‘Infinite Jest,’ Recreated in Lego by an 11-Year-Old


This might be the best thing you’ll see on the internet all day. Earlier this year, English professor Kevin Griffith and his 11-year-old son Sebastian started Brickjest, a project in which they aimed to “translate” David Foster Wallace’s postmodernist classic Infinite Jest into Lego form. The final product has some 100 images, each of Lego scenes created by Sebastian based on his father’s descriptions. According to their website, the pair “first envisioned translating David Foster Wallace’s Infinite Jest into Lego after reading The Brick Bible, by Brendan Powell Smith. Wallace’s novel is probably the only contemporary text to offer a similar challenge to artists working in the medium of Lego.” Well, they certainly met the challenge. After the jump, check out a few of the best scenes, and then head on over to Brickjest to see the whole project.

“P.13. I am rolled supine on the geometric tile. I am concentrating docilely on the question why U.S. restrooms always appear to us as infirmaries for public distress, the place to regain control.” Photo Credit: Kevin Griffith

“p. 64. The tall, ungainly, socially challenged and hard-drinking Dr. Incandenza’s May-December marriage to one of the few bona-fide bombshell-type females in North American Academia, the extremely tall and high-strung . . . Avril Mondragon . . .” Photo Credit: Kevin Griffith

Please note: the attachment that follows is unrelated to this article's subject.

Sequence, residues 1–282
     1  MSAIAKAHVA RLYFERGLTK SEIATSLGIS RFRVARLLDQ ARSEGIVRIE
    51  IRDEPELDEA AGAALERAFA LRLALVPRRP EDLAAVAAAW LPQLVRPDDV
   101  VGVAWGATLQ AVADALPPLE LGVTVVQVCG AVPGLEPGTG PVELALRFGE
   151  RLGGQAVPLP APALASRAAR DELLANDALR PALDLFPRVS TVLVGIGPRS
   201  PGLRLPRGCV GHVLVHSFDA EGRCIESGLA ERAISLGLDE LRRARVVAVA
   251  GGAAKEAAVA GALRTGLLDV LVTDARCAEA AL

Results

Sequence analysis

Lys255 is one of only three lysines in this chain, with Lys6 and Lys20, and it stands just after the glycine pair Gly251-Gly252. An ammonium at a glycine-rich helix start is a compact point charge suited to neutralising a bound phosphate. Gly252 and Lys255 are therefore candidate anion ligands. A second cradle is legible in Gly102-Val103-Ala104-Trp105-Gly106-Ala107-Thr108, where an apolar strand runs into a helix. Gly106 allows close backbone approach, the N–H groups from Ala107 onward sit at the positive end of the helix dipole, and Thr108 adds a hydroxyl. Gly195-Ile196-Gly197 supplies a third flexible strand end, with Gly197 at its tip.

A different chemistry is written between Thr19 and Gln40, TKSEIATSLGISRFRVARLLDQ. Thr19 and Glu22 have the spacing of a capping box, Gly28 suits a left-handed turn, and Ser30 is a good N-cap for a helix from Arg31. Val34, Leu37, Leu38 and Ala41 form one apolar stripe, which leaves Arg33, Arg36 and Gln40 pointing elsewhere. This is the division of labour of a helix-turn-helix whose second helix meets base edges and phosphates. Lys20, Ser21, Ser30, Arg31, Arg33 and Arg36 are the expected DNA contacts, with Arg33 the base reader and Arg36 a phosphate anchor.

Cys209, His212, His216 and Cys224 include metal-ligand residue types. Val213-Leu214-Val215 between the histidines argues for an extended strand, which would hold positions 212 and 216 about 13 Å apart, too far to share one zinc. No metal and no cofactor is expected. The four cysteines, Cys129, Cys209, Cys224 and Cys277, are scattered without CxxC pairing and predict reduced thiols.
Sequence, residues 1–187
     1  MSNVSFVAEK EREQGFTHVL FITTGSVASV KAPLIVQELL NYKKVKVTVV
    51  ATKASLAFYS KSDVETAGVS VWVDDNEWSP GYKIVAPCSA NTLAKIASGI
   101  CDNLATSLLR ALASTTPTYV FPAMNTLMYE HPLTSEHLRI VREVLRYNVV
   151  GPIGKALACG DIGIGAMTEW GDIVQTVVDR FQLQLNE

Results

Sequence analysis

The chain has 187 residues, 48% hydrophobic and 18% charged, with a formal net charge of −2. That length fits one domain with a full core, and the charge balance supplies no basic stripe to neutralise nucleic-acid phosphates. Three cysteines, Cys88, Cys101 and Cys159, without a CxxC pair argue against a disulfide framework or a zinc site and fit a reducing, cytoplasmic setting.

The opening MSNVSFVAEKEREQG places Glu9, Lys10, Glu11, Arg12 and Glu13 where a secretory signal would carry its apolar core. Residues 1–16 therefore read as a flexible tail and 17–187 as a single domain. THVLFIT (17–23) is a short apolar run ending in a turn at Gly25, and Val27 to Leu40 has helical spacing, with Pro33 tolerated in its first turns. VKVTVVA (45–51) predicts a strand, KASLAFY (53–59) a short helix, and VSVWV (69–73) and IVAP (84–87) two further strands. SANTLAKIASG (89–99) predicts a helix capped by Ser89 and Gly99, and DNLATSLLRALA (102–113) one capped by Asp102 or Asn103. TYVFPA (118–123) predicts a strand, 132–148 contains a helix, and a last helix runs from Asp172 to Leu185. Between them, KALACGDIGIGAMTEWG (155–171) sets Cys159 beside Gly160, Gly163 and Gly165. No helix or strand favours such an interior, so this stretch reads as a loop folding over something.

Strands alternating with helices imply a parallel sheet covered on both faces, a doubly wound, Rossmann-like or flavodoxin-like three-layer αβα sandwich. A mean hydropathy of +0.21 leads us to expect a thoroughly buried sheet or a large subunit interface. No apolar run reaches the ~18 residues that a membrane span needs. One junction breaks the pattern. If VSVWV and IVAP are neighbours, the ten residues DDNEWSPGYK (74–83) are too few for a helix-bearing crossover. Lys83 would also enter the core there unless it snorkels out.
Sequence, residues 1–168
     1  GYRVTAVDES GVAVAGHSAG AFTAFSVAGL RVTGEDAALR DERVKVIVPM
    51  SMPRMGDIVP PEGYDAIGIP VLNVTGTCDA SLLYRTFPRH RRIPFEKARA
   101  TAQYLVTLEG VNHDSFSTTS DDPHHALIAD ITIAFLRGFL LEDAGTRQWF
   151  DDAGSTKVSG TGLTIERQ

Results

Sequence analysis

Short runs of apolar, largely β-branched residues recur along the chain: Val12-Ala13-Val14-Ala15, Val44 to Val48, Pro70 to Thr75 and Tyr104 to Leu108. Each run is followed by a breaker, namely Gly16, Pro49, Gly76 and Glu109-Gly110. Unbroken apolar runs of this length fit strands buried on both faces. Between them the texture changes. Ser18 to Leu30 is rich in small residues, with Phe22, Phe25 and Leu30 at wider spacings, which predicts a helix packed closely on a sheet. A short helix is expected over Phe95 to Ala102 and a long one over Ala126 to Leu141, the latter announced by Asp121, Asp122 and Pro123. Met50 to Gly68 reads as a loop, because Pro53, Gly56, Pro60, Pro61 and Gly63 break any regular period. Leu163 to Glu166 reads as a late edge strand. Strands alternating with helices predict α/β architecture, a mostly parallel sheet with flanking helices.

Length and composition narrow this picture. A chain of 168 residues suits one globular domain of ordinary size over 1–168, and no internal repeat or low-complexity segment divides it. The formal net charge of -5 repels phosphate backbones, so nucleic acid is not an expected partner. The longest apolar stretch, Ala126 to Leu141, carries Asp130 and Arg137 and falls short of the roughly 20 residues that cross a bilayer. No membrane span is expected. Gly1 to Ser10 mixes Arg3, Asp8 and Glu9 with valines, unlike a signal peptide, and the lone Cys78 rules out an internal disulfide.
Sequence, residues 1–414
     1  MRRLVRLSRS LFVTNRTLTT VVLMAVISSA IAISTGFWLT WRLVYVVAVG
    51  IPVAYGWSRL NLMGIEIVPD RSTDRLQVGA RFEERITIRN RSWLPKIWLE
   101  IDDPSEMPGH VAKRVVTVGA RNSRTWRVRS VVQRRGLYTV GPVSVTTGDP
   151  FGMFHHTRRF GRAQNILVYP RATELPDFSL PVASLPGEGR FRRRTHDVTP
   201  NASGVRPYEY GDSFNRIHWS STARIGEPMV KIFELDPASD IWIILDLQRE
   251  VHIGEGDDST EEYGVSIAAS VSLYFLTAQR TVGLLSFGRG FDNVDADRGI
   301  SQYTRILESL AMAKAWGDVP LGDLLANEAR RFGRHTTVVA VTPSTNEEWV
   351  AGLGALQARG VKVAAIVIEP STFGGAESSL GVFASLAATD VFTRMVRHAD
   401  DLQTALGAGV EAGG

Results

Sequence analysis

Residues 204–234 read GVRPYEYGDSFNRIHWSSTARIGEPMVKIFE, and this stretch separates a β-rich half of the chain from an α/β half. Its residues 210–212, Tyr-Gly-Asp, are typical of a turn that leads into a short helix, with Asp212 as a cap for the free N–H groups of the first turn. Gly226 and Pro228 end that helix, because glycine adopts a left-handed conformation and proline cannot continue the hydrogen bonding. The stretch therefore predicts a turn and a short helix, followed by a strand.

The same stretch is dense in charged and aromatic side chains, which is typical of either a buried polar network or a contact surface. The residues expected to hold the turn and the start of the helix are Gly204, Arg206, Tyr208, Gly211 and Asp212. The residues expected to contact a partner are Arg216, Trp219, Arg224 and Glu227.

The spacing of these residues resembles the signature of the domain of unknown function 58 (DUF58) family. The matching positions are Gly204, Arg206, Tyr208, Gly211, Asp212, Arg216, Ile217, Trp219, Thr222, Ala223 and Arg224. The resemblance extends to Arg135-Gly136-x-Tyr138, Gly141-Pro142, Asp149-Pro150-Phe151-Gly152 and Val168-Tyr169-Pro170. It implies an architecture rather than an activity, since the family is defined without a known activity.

“p. 79. So but when Schtitt dons the leather helmet and goggles and revs up the old F.R.G.-era BMW cycle . . . it is usually eighteen-year-old Mario Incandenza who gets to ride along in the side-car . . .” Photo Credit: Kevin Griffith

“p. 93. Feral hamsters are not pets. They mean business.” Photo Credit: Kevin Griffith

“p. 94. Marathe said: ‘. . . have I merely pretended to pretend to pretend to betray.'” Photo Credit: Kevin Griffith

“p. 125. At which point U.S.S. Millicent Kent stopped them . . . and crushed Mario’s large head to the area just below her breasts . . .” Photo Credit: Kevin Griffith

“p. 268. Schacht and his opponent warm up their groundstrokes with the fluid economy of years of warming up groundstrokes.'” Photo Credit: Kevin Griffith

“p. 322. Eschaton is the most complicated children’s game anybody around E.T.A.’d ever heard of.” Photo Credit: Kevin Griffith

“p. 409. Clipperton plays tennis with the Glock 17 held steadily to his left temple.” Photo Credit: Kevin Griffith

“p. 449. Hal incandenza had this horrible new recurring dream where he was losing his teeth . . .” Photo Credit: Kevin Griffith

“p. 645. ‘Somewhere along late in the progression the old man let it be known he was working on a secret book that revised and explicated much of the world’s military, medical philosophical and religious history by analogies to certain subtle and complex thematic codes in “M*A*S*H.”‘” Photo Credit: Kevin Griffith

“p. 981. And when he came to, he was flat on his back on the beach in the freezing sand, and it was raining out of a low sky, and the tide was way out.” Photo Credit: Kevin Griffith